Ultimately, Buddhist teachings tell us there are no reference points. This is actually what the teaching on Emptiness means, if I may be so bold as to give it reference points - not that nothing has meaning or heart (quite the opposite) but that in order to experience ourselves and the world fully, we need to drop/empty out our cache of reference points - like/dislike, me/not me. I find this especially salient in communication, and, of course, there are formal training programs in Compassionate Communication, Non-Violent Communication and Green Light Conversations. I have talked about this before in my previous posts on listening (recently re-published in the journal Medical Encounters) and speaking, but today I was struck especially by how deep these misunderstandings go.
Dylan and I had a good conversation this morning about how this relates to non-violence and lessening aggression, especially in relationship to our internal haters and critic voices, and also relating to others who are a lot like us, but, of course, not.
A lot of the time, I hope to understand what is going on for someone else. I want to get a sense of their pain or pleasure, so I can help them feel less alone. Feeling alone is one of my biggest fears, so if I can still the sense of isolation for someone else, it's a consolation I feel personally invested in.
There's a great paradox in this, and as a wonderful teacher once told me, where there is paradox, there is truth. In my writing classes I call this "the personal is the universal" principle - the more personal, specific, detailed and only-you the writing is, the more others will relate to it - but relate to it where you are, as opposed to where they are. The more we try to wash out, generalize or universalize our experience, the more folks will turn it into their own experience, and completely miss the subtleties of the writer/person behind it all. This is obviously true in conversation and "real life," not just in writing.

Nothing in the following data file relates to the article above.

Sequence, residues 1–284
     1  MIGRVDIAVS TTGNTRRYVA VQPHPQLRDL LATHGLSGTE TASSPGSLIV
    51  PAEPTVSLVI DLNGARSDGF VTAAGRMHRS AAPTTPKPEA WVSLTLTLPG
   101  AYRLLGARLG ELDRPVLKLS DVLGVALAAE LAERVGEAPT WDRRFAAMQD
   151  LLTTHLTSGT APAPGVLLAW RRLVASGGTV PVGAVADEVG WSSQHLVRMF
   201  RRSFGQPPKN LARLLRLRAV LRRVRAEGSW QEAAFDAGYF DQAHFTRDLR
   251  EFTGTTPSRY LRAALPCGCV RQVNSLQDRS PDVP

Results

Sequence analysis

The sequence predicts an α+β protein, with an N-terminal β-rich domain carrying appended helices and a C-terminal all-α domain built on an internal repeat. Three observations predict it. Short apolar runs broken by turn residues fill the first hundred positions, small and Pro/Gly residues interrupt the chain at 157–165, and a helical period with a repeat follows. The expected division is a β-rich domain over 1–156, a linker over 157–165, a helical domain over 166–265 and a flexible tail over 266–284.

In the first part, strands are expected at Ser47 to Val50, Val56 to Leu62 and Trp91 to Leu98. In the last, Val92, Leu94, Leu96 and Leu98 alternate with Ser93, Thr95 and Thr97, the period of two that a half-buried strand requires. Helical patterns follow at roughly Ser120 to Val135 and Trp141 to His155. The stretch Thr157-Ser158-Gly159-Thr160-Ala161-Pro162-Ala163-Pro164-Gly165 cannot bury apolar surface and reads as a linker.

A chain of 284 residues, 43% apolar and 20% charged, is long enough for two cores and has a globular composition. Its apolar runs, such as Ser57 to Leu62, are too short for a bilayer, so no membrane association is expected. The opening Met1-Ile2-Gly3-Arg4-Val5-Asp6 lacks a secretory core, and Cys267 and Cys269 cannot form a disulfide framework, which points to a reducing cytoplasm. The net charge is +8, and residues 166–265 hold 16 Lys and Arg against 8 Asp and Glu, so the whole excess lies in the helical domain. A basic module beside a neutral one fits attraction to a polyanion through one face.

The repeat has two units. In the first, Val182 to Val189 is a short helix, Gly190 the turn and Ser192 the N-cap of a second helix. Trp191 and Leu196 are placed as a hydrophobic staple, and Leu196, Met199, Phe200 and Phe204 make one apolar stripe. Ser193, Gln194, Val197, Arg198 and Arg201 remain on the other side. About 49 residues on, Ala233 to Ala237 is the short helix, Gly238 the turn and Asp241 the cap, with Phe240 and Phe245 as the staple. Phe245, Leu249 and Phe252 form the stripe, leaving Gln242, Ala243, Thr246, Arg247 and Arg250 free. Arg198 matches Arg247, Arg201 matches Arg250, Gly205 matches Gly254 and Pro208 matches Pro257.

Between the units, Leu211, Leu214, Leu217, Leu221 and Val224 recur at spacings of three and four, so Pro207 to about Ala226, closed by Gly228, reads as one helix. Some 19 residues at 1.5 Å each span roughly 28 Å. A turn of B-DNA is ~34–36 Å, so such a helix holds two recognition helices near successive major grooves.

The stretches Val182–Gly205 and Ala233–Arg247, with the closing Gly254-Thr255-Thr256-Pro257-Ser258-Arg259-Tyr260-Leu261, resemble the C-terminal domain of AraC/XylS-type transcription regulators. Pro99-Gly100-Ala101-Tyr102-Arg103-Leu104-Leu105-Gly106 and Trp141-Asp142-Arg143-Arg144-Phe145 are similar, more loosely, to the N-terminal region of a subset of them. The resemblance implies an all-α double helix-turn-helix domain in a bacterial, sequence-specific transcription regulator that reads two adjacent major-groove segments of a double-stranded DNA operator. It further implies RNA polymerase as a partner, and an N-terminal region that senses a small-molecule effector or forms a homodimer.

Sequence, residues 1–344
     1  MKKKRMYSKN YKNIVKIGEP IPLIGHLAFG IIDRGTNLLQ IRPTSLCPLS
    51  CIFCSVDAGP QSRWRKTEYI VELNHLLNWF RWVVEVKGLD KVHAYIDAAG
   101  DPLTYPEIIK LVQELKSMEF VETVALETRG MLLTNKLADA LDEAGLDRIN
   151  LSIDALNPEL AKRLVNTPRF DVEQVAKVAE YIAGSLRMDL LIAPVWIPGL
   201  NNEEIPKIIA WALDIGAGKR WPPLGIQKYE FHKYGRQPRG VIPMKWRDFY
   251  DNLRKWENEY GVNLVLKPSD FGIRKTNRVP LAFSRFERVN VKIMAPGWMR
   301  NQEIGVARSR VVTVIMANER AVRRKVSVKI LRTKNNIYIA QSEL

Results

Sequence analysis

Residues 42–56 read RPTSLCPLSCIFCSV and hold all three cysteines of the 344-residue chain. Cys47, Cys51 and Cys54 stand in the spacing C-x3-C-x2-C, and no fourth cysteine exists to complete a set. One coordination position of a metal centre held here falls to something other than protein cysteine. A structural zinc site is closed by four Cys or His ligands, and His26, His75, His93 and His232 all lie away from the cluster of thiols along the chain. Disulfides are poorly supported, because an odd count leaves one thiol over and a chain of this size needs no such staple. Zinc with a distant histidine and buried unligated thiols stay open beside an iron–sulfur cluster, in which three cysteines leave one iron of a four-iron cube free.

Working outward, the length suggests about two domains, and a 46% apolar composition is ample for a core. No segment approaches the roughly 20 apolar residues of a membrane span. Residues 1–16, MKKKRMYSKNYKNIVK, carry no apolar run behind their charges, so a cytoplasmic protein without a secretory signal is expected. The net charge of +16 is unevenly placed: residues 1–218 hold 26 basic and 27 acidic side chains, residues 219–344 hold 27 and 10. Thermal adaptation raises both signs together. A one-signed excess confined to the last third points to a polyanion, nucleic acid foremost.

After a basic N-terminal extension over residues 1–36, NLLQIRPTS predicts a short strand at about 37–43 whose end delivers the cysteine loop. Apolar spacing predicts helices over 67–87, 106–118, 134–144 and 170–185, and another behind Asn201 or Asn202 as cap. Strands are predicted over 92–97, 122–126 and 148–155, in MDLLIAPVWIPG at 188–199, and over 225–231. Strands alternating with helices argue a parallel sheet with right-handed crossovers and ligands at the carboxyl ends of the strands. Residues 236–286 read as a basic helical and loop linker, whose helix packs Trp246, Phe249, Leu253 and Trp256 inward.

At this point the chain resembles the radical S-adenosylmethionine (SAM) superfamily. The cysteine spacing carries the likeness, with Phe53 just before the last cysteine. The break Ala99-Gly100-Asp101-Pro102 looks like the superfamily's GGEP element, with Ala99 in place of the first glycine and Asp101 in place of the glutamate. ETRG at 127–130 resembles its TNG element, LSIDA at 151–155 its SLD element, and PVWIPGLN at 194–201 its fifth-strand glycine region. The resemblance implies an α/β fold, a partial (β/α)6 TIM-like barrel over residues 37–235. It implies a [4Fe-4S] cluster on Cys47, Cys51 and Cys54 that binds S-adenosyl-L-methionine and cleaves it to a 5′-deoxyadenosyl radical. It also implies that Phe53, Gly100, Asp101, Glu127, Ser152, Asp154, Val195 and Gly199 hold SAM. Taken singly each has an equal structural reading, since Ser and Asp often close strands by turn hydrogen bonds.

The graphic novelist/cartoonist and historian Scott McCloud has a lovely map of cartoon faces that I often use in teaching this principle. What McCloud says is that the more generic a face is (think Charlie Brown) the more people will relate/ project their own experience on to it. The more specific and stylized a face is (think Dick Tracey) the more a sense of character as different than reader emerges. What I love about this method of displaying universal versus personal is that we can see, literally, the template humans use for relating to others. In writing, in life, if we don't connect enough with our own experience, if we present ourselves as a blank template and try to erase over our own quirks and neuroticism and personal wisdom, the more others can see what they want to see. The more we are ourselves, wholly and purely, without any attempt to cover up the "bad" parts or emphasize the "good" parts, the harder it becomes for others to see us as anyone other than who we are.
But the funny twist in this is that because, as viewers/listeners/readers, a generic idea is presented to us and we project ourselves into it, there's also very little challenge and very little heart. In fact, even in describing this I am feeling too conceptual, which is where all of this goes in the long run - away from experience, turned into a generic idea, far from humans, far from heart.
So let me get personal.